To facilitate the shift to a more sustainable tomorrow and fulfil the need for sustainable methods, the construction industry must grab the opportunity for steel decarbonization, implement new perspectives, and develop guidelines.
The construction industry’s steel consumption is insatiable, making up more than half of the world’s total steel demand, which explains why this sector has a significant impact on the environment. The steel manufacturing process requires excessive energy, making it a carbon-intensive industry. The manufacturing process accounts for around 25% of the total emissions generated during the construction of building infrastructures. The construction industry needs to switch to low-carbon dioxide (CO2) steel from high-CO2 steel to comply with the Paris Agreement on the mitigation of climate change. Energy-efficient furnace technologies, such as natural gas-fueled sponge iron or hot briquettes, which generate less carbon emissions than coke-powered furnaces, make steel decarbonization a conceivable option in addressing sustainability initiatives. Remodelling blast furnaces for the collection, storage and utilisation of carbon is another approach to producing steel with decreased CO2 emissions. Similarly, the expansion of hydrogen-reduced furnaces fuelled by green power will enable manufacturers to obtain steel with an emission intensity of below 0.2 tCO2/metric ton of steel.
That said, the construction industry faces substantial challenges, including the following:
Given these factors, it is crucial that both private and public players contribute towards ensuring the switch to no-carbon steel and the decarbonization of the construction industry. To support the industry in these areas, a leading global management consulting organization has postulated five vital approaches through which the construction industry can take steps towards greater adoption of sustainable steel in the sector.
Improve transparency and established terminology for sustainable steel:
The absence of consensus on what constitutes “sustainable steel” has been a key deterrent to the initiative, with business corporations, steel manufacturers and consumers frequently using different terminologies for sustainable steel. In view of this, the industry is advised to:
- Strive for industrial agreement on a consistent definition along the scale of the sustainability continuum,
- Design a method for measuring greenhouse gas (GHG) emissions for industry players, and
- Develop standardized GHG emission intensity labelling or rating of steel to aid in decision-making.
Address the lack of transparency in Scope 3 emissions:
This gap in the industry’s value chain may hinder required investments in sustainable steel. To mitigate this, the industry participants are required to:
- Create a standard tracking system for emissions associated with building manufacturing and use,
- Integrate associated emissions accreditations and standards of excellence for sector corporations,
- Set Scope 3 emission goals at the investment, initiative, and resource levels of the supply chain, and
- Convert goals into management strategies.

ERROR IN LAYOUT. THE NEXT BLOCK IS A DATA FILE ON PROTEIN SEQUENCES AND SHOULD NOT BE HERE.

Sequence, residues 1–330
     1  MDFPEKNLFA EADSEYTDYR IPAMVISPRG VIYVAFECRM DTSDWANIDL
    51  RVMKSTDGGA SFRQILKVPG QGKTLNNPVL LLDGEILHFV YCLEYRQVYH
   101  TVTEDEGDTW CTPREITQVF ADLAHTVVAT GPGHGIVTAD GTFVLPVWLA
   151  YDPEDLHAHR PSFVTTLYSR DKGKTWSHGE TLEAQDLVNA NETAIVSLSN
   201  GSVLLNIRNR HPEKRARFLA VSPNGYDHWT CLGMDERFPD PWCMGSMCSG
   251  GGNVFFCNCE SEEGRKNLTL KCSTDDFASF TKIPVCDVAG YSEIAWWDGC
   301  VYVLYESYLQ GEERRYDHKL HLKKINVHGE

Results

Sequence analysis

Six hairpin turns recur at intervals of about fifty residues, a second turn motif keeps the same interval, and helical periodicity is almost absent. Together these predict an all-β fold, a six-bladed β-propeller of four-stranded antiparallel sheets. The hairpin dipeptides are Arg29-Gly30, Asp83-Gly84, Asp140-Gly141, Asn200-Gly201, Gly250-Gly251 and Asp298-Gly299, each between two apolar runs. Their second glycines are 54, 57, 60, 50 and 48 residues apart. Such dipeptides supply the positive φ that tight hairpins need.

Increase the appetite for sustainable steel:
Green steel will not be able to contend with proven technologies if based only on cost comparison. Industry stakeholders are required to also consider the options below:
- Create a customer association for green steel, to connect all the stakeholders in the construction value chain,
- Increase financial assistance for green steel manufacturing facilities by gathering interested financiers or turning infrastructure developers into equity holders,
- Encourage construction organizations to include sustainable steel in purchase agreements when procuring steel from a direct steel manufacturer, and
- Focus on increasing the steelmakers’ emphasis on facilities that use innovative technologies and scaling future purchasers of sustainable steel and capital investors interested in green steel funding.
Increase capital investments into green steel:
Financial institutions are required to consider embedded emissions in their financing options. This can be made possible through the following efforts:
- Measure and disclose lending and financing operations related to green steel manufacturing-associated emissions,
- Monitor and disclose the associated emission’s evolution risk such as taxes and carbon regulations, and
- Align financial resources towards no-carbon steel by developing sustainable investments such as green bonds and loan instruments like green credits.
Promote consciousness of the embodied emissions:
- Many players in the industry’s supply chain are unaware of the emissions inherent to building construction and the use of certain resources, and the short-term solutions for minimizing embodied carbon. Industry stakeholders would have to promote awareness of GHG emissions within the sector and in steel production along with know-how on possible decarbonization strategies. Panel discussions, workshops, and seminars can be useful to make knowledge sharing possible.
The global building sector is at a turning point. Businesses and other stakeholders are under pressure to quicken the industry’s transition to a more sustainable state due to the growing demand for innovative ideas and the appearance of workable, albeit expensive, options. The industry is expected to see a notable decrease in its overall emissions by 2030 (vs 2020) and a total elimination of carbon by mid-century on the back of the implementation of environmentally friendly technologies. Coordination among all the stakeholders involved in the industry’s value chain is critical for the industry’s sustainable growth. Therefore, it is important that the sector grasp all the opportunities, embrace an innovative outlook and ready itself for a structural shift towards a more sustainable future.